Abimbola Adealo’s big personality commands attention. The 20-odd women in her class sit still and listen attentively as she teaches them what products to use to relax hair and the process it entails.
“I love teaching,” she says after the class. “I actually really love talking,” Adeola adds with a big laugh.
Adeola, 42, is originally from Nigeria. She joined her husband in South Africa in 2010 and soon found work at a hair salon. She loved what she did, but in 2014 she found her calling: teaching other people everything she knows about working with hair.
“I take pride in seeing these women go out and become something. They are able to start their own businesses and that makes me very happy,” she says.
After a few years of teaching women how to do hair and the basics of working in a salon, Adeola joined the Jesuit Refugee Service (JRS) to teach hairdressing and salon work through the organisation’s skills development programme at its centre in Arcadia, Pretoria. The JRS also has a centre in Johannesburg.
“It’s difficult coming to a new country when you are running away from your own country,” she says. “There isn’t a lot of work and it’s difficult to find something, so it helps if you’re able to create your own job. It’s important to have skills.”
The JRS works with refugees and other displaced people in more than 50 countries worldwide. It offers a range of support that includes psychosocial programmes, education and livelihood programmes.
High demand for enrolment
Tereda van Heerden, the manager of the JRS skills training centre in Arcadia, says the organisation offers skills development to roughly 200 women a year. “We’ve got the beauty course. That includes nails, massages, facials, waxing and those sorts of things. And then we have hairdressing as well as computer and English classes,” she says.
“If the women can’t speak English, they first have to go through that training course before they join the skills courses.”
Van Heerden says that since starting the skills development programme in Johannesburg, the courses receive more applications each year than the number of spaces they have available. The JRS doesn’t reserve spaces solely for refugees, she says, but allows migrants and a small number of South African women to register as well.
“This year we changed the approach,” she explains. “We made it a three-year cycle. So in the first year they do the full accredited training, in the second year they get training to develop business skills, or they go into internships. And then the third year, we just accompany them through the process.”
Following the change to the programme, the JRS has a target of around 400 people successfully completing the programme in each three-year cycle. Van Heerden says the simplest way of measuring the success of the programme is if the women are able to find employment or start their own business afterwards.
One of the difficulties the women face while attending the programme is finding accommodation, says Van Heerden. “Because of xenophobia, urban refugees prefer to stay in the city centres where the rent is expensive. And then it gets crowded with businesses as well.
“So say you have one street in Sunnyside and one in Johannesburg that’s just hair salons, so you need to find your own clients. The ones who have moved to townships and opened their own businesses are doing very well,” she says.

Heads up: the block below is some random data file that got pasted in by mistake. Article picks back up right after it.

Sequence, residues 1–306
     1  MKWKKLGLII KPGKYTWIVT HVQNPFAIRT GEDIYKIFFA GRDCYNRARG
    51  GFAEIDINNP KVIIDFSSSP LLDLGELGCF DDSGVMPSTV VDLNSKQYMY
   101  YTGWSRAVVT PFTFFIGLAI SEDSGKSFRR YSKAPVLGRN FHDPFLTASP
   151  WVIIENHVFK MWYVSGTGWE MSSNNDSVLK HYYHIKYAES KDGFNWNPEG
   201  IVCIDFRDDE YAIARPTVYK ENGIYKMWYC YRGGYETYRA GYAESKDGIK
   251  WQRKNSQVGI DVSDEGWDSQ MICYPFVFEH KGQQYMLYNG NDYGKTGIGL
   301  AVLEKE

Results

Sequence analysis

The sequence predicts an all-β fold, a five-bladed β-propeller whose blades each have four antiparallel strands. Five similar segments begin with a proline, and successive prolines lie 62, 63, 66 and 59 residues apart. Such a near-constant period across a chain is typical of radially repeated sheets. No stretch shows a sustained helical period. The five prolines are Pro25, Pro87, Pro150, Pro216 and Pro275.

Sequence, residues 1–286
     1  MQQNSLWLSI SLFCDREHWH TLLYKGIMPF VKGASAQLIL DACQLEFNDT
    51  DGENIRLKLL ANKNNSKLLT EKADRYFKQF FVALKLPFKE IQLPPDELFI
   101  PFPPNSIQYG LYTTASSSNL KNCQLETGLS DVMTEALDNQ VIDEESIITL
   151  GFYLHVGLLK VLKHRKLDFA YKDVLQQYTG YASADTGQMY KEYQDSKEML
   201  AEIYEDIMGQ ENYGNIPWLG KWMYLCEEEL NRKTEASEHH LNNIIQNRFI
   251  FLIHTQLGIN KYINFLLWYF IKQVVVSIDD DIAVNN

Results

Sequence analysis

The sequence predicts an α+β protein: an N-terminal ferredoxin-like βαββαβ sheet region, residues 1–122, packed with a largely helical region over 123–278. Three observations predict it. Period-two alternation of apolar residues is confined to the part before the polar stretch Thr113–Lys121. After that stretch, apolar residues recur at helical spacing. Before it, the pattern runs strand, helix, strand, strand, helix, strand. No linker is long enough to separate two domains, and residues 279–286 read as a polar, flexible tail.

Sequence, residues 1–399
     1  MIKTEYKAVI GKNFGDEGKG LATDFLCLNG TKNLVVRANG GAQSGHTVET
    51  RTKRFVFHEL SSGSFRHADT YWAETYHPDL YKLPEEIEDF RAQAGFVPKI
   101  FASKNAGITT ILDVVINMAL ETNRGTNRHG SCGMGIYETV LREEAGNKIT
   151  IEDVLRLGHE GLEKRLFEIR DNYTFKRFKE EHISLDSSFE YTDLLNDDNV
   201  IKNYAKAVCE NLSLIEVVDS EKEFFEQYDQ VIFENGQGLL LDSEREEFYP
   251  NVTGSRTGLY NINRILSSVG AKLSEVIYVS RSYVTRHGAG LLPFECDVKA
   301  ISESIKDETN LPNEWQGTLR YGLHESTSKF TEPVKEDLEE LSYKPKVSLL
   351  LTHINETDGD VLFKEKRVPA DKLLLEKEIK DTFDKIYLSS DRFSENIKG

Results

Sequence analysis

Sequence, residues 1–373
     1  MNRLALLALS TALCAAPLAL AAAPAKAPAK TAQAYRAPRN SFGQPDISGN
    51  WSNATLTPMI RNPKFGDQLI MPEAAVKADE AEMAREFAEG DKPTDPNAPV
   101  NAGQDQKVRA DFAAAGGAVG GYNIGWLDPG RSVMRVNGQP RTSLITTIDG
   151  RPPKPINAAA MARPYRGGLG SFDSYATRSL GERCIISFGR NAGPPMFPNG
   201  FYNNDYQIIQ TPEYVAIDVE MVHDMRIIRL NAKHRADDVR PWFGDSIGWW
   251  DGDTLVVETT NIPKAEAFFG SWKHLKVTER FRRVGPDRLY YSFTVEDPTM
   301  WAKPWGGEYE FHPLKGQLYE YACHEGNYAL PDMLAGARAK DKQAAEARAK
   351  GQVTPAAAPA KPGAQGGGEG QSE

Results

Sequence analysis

‘These people are my family’
Despite this, Alina Mofokeng, 51, opened her hair salon in Pretoria’s central business district in 2019 after graduating from the skills development programme, and has been surprised at the growth of her business.
She now employs three migrants from Zimbabwe, Malawi and Burundi in her salon, which caters for men and women and offers nail and other beauty treatments. “It’s amazing. We are like one big family,” Mofokeng says.
“Business has been all right since I opened up the salon. However, while I was very excited, there was Covid and the shop was closed for three months. When we opened again, people were still scared of us and we were scared of them. But now I can say business is good,” she says.
Mofokeng used to work as a receptionist for another hair salon. She handled the bookings and was later promoted to manager. The idea of working as a beauty therapist slowly grew on her, although the cost of attending a beauty course was too high for her at the time. But she found out about the JRS course when a former student of the programme came to do their practical at the salon where she was working. And when the salon was sold, Mofokeng took a chance and joined the JRS.
“If something is in you, I had a baby inside of me. You know, I was pregnant with this beauty idea. Believe me, I didn’t care what I had to do to succeed. I told myself I want this. I was pregnant with this beauty idea and I need to deliver beauty one day,” she says of her desire to succeed.
“I was telling myself that I must study and listen to the teachers and do the assignments. I was staying alone and no one was bothering me. My son was at varsity and when I did my tests, I would take a photo and send it to him. He was happy to know ‘mama was doing well’.
“If he sent me a message at night and asked what I was doing and I said I was watching TV, he would say, ‘Mama, why are you not studying?’ So we encouraged each other a lot,” she says.
With this focus, Mofokeng was not only able to complete her course but she also played an active part in helping develop relationships between South African and refugee women taking part in the programme.
“I don’t want any of that nonsense,” she says, referring to xenophobia. “These people are my family and I am their eyes and ears. Whenever something happens in town, I tell them to avoid this and this part. I wish more people were like this.”